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xinetdfor Host Authentication
Many systems come with well-known default passwords which go unchanged by lazy admins. Here are lists, do you have any remaining risks?:
The "What's My Pass?" page
claims to list
"The Top 500 Worst Passwords of All Time",
but there is no explanation of where they got that data.
admin isn't even on the list despite being
the default password on lots of network gear, I don't think
the list is very authoritative.
But it's kind of interesting.
How does the Microsoft re-design break the security of their "Kerberos"?
The initial request for a user identity ticket is the only thing
that is supposed to be cleartext.
There is no risk in seeing that some user on the network is
currently asking to be authenticated as a specific user name.
Microsoft includes an extra field in that request,
something they call "pre-authentication".
It's the current timestamp encrypted with the user's secret key.
Since all hosts in a Kerberos realm must have their clocks
synchronized, an attacker can capture the initial ticket request
and then mount a known-plaintext attack.
The free and commonly available package
does exactly that.
klaniktu. An early version is "A Random Word Generator for Pronouncable Passwords", Gasser, M., Mitre report MTR-3006, ESD-TR-75-97, November 1975.
See a list of technologies and vendors at the Wikipedia page, or here are some:
Here's a table from "Beyond Fingerprinting", Anil K Jain and Sharath Pankanti, Scientific American Sep 2008 pp 78-81, drawing from US NIST studies. They bring up an issue I hadn't seen before, technology will be less likely to be used if it is unsuitable as evidence in a court of law. Because iris recognition is based on complicated statistical analysis of subtle image features, "no known human experts can determine whether or not two iris images match. Hence, the data are unsuitable for evidence in a court of law."
|How well trait can be sensed||Medium||High||Medium||Medium|
|Speed and cost efficiency of system||High||Low||High||Low|
|Willingness of people to have trait used||Medium||High||Low||High|
|Difficulty of spoofing the trait||High||Low||High||Low|
|False rejection rate||0.4%||1.0—2.5%||1.1—1.4%||5—10%|
|False acceptance rate||0.1%||0.1%||0.1%||2—5%|
DARPA is running an Active Authentication project. They describe this work as:
The current standard method for validating a user?s identity for authentication on an information system requires humans to do something that is inherently unnatural: create, remember, and manage long, complex passwords. Moreover, as long as the session remains active, typical systems incorporate no mechanisms to verify that the user originally authenticated is the user still in control of the keyboard. Thus unauthorized individuals may improperly obtain extended access to information system resources if a password is compromised or if a user does not exercise adequate vigilance after initially authenticating at the console.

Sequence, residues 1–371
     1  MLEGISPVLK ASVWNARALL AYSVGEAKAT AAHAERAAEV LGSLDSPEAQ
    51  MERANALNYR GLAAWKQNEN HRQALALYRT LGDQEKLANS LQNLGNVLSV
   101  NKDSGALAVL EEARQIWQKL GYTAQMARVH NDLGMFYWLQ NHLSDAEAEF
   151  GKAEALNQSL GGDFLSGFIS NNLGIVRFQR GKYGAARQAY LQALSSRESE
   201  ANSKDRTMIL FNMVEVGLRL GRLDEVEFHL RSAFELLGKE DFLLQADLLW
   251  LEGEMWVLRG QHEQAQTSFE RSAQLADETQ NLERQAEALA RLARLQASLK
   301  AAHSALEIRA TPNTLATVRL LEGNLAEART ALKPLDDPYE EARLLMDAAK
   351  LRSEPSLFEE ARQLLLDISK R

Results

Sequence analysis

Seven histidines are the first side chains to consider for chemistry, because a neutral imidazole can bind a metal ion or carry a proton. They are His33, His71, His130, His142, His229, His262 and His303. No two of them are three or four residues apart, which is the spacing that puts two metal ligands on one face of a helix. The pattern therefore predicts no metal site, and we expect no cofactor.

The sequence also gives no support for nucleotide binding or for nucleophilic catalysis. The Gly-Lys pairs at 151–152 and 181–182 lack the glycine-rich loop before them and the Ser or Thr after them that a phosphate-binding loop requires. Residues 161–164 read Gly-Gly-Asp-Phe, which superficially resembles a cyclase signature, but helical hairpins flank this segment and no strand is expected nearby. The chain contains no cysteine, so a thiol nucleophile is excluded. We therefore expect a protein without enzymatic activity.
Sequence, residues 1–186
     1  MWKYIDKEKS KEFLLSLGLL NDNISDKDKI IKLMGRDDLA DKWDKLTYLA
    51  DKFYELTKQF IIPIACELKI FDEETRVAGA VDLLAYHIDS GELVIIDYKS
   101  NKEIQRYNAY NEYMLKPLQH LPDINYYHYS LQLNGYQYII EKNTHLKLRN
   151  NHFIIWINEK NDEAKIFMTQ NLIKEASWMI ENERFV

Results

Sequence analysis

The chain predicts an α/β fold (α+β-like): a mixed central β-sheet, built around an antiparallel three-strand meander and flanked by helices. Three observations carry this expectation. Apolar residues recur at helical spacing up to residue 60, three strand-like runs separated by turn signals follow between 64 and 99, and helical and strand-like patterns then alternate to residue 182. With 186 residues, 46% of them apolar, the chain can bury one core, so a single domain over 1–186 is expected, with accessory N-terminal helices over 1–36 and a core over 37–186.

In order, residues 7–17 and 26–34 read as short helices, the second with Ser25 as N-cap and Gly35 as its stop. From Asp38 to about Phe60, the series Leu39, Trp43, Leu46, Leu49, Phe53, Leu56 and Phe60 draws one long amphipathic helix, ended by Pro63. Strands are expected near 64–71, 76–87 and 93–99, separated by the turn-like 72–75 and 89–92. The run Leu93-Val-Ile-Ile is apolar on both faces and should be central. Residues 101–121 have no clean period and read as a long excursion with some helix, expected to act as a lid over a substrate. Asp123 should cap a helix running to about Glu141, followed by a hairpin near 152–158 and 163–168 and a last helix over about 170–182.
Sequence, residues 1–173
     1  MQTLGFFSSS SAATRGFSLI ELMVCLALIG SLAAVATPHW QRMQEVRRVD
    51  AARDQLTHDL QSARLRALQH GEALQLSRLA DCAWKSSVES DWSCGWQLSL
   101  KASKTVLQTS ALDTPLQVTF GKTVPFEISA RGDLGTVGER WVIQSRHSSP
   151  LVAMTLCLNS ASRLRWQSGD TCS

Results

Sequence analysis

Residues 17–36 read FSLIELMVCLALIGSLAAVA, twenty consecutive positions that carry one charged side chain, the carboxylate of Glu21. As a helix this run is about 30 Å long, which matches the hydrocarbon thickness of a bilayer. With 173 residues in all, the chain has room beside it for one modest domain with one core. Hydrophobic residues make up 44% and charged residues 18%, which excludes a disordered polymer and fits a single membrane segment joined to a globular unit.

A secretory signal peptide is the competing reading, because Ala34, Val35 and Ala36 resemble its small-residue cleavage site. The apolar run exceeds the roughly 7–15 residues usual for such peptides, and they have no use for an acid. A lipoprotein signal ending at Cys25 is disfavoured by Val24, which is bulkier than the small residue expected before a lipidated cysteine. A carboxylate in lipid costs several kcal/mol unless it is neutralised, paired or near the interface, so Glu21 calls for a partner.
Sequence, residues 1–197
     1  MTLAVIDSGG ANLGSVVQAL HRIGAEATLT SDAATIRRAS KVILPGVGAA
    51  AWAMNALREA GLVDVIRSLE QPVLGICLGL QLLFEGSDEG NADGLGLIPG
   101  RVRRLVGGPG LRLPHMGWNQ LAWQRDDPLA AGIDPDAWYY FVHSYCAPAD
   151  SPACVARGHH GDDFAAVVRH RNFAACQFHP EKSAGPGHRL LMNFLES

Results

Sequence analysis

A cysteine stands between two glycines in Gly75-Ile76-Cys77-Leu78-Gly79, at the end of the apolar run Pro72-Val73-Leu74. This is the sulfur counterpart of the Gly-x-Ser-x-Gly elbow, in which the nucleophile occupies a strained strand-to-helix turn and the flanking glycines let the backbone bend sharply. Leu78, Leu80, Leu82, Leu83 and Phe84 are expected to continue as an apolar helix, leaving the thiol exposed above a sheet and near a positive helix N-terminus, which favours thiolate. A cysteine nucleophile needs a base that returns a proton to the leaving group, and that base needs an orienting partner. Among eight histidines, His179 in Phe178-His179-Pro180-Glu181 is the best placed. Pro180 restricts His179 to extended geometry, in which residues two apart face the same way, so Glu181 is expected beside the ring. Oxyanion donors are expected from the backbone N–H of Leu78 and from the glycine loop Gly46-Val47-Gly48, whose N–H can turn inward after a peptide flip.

The Active Authentication program seeks to address this problem by developing novel ways of validating the identity of the person at the console that focus on the unique aspects of the individual through the use of software based biometrics. Biometrics are defined as the characteristics used to uniquely recognize humans based on one or more intrinsic physical or behavioral traits. This program focuses on the behavioral traits that can be observed through how we interact with the world. Just as when you touch something your finger you leave behind a fingerprint, when you interact with technology you do so in a pattern based on how your mind processes information, leaving behind a "cognitive fingerprint."
The first phase of the program will focus on researching biometrics that do not require the installation of additional hardware sensors, rather the program will look for research on biometrics that can be captured through the technology we already use looking for aspects of this "cognitive fingerprint." These could include, for example, how the user handles the mouse and how the user crafts written language in an e-mail or document. A heavy emphasis will be placed on validating any potential new biometrics with empirical tests to ensure they would be effective in large scale deployments.
When Apple released their iPhone 5s with a fingerprint scanner they seemed to be working on this technology. A New Yorker story reported that in the week before the iPhone 5s release, Apple was awarded a patent for gesture based authentication.
Don't just hand out the system administrator's password!
Allow certain users to run only certain commands with sysadmin
privileges, with the
xinetdfor Host Authentication
It's weak, as it trusts DNS, but
xinetd can do double DNS lookups and require
To be honest, this won't keep the bad guys out, and you
will realize what a sloppy and imcomplete job many places
do with the PTR records.
xinetd— it's more complicated to administer, but you do get finer control over access. It supports time-sensitive access rules, limitations on maximum simultaneous connections, etc. It replaces
Software piracy (kinda) falls under authentication. Authenticate your software, make sure it's legitimate.
Why audit yourself? If your site has pirated software, you may incur huge fines. Disgruntled employees will turn you in for rewards from SPA and BSA (Software Publishers Association and Business Software Alliance), who shows up with federal agents and search warrents. Fines in the $100,000-200,000 range are common, and can go into the millions. Autodesk, maker of AutoCAD, recovered more than US$ 35 million from North American copyright infringers in 1989-1999 (SC Magazine, April 1999, pg 18). The SPAudit tool is available for free. It audits what software is installed where, and also inventories hardware and system boot files. Further info is available on software piracy.